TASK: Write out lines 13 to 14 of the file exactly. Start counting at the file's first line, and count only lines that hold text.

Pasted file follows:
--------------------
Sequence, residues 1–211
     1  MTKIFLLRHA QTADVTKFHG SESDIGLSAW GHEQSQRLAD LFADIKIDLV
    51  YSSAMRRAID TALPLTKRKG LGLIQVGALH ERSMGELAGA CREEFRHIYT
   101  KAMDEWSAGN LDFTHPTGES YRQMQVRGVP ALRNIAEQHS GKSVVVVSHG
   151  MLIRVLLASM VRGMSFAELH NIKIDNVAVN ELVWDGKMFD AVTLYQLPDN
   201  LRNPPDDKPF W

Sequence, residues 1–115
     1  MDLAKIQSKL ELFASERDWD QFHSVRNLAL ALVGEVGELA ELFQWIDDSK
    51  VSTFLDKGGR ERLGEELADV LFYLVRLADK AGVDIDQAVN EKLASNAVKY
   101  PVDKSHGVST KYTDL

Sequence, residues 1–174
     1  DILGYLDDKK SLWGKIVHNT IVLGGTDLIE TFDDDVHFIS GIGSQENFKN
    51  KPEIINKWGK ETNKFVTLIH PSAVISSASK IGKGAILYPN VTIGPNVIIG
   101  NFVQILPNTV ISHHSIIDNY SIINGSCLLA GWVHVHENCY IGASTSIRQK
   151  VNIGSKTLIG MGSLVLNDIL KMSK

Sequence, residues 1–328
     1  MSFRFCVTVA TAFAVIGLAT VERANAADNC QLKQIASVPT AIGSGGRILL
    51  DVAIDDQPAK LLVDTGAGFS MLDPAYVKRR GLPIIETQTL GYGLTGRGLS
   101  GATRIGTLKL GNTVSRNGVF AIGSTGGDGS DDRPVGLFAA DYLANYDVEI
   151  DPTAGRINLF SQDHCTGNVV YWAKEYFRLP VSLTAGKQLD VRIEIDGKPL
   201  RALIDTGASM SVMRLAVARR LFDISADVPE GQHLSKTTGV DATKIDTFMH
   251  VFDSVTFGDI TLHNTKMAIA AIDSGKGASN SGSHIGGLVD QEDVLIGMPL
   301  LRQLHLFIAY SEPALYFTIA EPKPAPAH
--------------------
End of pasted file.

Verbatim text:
    51  KPEIINKWGK ETNKFVTLIH PSAVISSASK IGKGAILYPN VTIGPNVIIG
   101  NFVQILPNTV ISHHSIIDNY SIINGSCLLA GWVHVHENCY IGASTSIRQK